Taken individually, these turn-based skirmishes are fun enough (when the UI isn’t ruining it), but Daedalic works hard to ensure that the formula never grows old. Whether you’re traversing a booby-trapped warehouse or dropping an immense iron cage on a rampaging gorilla, most battles have a unique twist to them. It’s these wrinkles that keep the core gameplay fresh for Blackguard’s surprisingly long campaign.
The length actually works against Blackguards after a while. Once you get settled into the core gameplay, you’ll start to notice the cracks in the shell surrounding it. Travelling involves little more than clicking a spot on the world map, and once you arrive at your destination you’ll find little to do there. You can try having a conversation with the locals, but the limited dialogue options eliminate any sense of role-play. The inventory is a byzantine mess with no way to sort or filter to find the items you want, and the journal only rarely gives you the information you need. What’s worse is the number of bugs. The “Head” and “Feet” armor icons are reversed on the inventory screen. The in-game rulebook doesn’t work. Some dialogue options are still shown in Daedalic’s native German. Like the problems with the UI, none of these are game-breaking, but they do nag at you whenever you see them, and you see them pretty often.
As annoying as the bugs are, its the loading screens that will grind you down. Viewing the world map? Loading screen. Entering battle? Loading screen. Leaving battle? Loading screen. They are everywhere. You can not escape them. You will see the same five images and read the same five “tips” so many times that they will be marked indelibly into your mind. You will carry them for all of your days and in your dying moments your final words shall be “Remember, quicksave often! (F5 to save, F9 to load).” Which is funny, because you can’t actually quicksave during the battles--once you start a fight you have to see it through to the end or start the whole thing over.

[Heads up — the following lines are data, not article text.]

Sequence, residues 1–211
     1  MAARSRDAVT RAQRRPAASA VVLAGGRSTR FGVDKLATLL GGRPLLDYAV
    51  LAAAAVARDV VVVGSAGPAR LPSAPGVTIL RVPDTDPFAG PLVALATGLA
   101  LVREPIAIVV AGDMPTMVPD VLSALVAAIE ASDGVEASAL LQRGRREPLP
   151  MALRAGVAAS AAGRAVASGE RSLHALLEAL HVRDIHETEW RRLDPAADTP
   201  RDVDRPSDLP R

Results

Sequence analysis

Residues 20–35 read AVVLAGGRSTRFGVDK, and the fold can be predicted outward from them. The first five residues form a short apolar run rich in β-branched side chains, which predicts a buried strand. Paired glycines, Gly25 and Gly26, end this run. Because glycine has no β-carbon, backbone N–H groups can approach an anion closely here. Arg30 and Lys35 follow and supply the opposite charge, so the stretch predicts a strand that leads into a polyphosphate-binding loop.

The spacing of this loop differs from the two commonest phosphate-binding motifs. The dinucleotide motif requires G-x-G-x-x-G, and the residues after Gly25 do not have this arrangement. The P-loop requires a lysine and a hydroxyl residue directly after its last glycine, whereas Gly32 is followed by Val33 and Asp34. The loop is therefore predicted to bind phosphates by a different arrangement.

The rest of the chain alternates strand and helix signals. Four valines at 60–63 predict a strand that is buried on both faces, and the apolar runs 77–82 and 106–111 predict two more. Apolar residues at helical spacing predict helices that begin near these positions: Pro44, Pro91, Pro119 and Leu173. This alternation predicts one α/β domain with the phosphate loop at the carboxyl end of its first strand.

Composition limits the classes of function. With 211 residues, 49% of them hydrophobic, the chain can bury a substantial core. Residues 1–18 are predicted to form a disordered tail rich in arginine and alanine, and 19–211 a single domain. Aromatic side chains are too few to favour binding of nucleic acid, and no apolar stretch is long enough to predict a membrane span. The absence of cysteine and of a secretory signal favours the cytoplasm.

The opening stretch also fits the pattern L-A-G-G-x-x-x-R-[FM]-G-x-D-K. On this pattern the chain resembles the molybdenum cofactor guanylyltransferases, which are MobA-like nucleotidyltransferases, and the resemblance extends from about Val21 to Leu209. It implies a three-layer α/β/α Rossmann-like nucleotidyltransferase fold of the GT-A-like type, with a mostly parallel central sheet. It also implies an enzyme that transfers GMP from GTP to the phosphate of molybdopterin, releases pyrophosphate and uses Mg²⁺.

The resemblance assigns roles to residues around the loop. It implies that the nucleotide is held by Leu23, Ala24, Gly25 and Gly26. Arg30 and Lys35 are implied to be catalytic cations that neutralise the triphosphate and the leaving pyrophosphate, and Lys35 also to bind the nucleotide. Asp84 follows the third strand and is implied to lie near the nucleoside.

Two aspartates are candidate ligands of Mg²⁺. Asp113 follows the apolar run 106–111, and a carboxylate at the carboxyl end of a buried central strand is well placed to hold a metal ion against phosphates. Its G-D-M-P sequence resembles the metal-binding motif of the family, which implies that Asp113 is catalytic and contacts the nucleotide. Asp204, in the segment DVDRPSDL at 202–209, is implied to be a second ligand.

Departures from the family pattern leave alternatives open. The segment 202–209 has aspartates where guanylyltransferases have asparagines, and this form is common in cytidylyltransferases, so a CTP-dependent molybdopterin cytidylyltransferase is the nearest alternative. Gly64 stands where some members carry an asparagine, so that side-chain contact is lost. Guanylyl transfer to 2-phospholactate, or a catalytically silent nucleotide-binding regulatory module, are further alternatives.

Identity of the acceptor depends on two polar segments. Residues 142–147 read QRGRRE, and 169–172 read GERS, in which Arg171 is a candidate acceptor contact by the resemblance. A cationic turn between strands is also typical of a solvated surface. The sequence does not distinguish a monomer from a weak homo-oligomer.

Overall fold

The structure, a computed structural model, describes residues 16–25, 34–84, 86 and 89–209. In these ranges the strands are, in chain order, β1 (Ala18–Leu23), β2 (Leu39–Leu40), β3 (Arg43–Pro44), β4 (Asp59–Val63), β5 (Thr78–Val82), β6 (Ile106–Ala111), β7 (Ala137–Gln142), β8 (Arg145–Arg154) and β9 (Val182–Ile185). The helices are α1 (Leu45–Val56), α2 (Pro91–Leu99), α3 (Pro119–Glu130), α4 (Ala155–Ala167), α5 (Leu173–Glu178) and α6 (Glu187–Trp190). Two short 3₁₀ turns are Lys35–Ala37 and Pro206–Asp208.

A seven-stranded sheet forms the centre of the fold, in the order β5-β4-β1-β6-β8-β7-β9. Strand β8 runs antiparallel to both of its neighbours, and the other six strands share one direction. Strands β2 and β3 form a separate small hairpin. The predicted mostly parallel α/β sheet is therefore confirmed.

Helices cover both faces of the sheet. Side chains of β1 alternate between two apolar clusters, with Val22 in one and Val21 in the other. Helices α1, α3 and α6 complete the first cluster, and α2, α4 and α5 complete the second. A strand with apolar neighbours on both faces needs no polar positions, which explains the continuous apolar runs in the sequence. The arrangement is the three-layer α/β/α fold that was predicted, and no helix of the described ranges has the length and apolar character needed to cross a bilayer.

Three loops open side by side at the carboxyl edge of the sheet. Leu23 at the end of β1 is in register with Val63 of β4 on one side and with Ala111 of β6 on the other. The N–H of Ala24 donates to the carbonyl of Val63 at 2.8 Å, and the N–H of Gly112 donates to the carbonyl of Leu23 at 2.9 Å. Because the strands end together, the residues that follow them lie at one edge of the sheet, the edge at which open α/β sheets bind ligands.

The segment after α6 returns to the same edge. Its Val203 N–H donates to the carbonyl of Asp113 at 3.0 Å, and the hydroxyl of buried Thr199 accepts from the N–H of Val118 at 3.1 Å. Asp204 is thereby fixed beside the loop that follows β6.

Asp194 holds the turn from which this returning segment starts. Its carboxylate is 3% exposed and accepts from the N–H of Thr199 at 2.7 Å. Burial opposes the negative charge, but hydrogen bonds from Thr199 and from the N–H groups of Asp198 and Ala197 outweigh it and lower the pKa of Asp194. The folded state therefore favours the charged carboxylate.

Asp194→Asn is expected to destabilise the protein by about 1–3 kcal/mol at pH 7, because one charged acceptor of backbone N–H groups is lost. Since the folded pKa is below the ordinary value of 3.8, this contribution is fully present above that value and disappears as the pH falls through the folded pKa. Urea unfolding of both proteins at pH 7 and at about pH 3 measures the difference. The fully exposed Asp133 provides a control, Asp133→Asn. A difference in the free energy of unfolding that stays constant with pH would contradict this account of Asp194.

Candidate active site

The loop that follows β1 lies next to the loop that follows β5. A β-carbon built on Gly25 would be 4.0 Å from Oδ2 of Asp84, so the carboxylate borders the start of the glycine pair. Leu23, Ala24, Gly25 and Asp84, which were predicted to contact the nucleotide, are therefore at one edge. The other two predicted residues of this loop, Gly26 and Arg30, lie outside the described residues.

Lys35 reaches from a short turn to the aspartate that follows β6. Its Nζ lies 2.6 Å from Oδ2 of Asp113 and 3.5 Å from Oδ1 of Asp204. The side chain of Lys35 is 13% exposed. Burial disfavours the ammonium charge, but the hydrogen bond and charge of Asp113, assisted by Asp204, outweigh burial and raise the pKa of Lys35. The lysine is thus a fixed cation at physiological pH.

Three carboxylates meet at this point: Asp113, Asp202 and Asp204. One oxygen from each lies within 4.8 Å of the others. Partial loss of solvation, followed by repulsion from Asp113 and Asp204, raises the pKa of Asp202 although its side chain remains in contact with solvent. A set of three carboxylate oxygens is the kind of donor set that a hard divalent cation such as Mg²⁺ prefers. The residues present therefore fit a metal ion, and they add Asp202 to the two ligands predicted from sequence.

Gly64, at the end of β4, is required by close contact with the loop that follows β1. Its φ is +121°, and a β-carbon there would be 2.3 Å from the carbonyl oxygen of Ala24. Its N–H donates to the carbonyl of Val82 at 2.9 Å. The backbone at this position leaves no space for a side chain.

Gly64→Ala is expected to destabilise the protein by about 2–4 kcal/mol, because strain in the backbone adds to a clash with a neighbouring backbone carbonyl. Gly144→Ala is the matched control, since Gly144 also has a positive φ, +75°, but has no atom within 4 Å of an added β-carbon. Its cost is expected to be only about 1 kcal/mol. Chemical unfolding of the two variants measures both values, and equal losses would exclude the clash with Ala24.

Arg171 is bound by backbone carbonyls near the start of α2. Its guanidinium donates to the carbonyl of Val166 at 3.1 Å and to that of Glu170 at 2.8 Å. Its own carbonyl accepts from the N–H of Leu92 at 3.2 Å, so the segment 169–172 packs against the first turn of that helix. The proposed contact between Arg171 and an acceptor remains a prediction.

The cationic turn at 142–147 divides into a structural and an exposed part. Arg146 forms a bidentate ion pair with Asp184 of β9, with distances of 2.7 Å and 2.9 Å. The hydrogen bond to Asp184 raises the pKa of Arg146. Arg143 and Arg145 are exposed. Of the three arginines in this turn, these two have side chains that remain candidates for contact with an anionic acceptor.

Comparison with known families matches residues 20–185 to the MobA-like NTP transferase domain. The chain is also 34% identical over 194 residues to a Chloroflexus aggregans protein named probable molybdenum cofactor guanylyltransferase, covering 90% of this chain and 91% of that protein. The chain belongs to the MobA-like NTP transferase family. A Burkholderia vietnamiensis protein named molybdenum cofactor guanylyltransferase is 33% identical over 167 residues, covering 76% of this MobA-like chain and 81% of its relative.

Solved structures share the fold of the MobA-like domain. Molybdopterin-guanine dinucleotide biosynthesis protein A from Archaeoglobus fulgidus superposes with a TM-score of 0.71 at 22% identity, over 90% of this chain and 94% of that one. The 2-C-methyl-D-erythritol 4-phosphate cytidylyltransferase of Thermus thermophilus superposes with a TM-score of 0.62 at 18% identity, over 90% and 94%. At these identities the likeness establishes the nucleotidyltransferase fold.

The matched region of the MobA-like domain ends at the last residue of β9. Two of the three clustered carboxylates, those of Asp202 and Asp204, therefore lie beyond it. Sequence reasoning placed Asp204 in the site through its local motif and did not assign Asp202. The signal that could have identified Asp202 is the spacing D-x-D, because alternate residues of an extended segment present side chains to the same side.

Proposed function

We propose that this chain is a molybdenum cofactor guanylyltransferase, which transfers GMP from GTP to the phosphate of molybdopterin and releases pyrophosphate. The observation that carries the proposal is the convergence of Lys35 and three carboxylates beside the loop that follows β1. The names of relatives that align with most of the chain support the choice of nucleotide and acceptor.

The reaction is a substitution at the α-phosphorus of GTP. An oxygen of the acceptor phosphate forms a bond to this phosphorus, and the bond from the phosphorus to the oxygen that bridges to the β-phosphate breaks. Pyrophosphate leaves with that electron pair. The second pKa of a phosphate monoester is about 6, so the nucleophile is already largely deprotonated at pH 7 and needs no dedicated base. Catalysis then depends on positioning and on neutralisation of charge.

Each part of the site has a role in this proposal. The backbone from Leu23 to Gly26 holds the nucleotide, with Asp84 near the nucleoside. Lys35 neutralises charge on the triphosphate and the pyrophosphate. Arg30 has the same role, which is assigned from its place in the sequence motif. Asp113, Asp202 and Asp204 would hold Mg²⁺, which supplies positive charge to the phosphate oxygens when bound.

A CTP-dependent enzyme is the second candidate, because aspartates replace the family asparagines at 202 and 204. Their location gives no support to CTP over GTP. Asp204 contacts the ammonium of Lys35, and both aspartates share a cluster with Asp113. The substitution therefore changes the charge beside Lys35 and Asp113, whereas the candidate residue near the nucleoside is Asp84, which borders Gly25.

Daedalic’s artists clearly tried to imbue Blackguards with their own Ottoman-inspired aesthetic, but the nice visual style can’t cover up the lackluster gameplay. The (seemingly) hand-drawn world map is beautiful, but cities and towns are little better than the lightly animated landscapes of a point-and-click adventure game. Once you get into battle, Daedalic’s stylized intentions are disappointed by technical limitations--models are ugly and all wear the same vacant faces, even when talking. Everything--and I do mean everything--is shown under a depth-of-field filter that leaves most of your screen blurry and out-of-focus. Battle effects and animations are nice enough, but Blackguard had trouble keeping the frame rate up when things got busy.
Blackguard had a lot of promise--The Dark Eye provides an interesting setting and a compelling set of tactical mechanics for a turn-based strategy game. And if you’re looking at just the combat, Blackguards works--it’s just a shame that everything is so unpolished. You’ll find incomplete translations; an awkward, imprecise control scheme; and frame rate issues, all of which keep Blackguards from realizing its potential.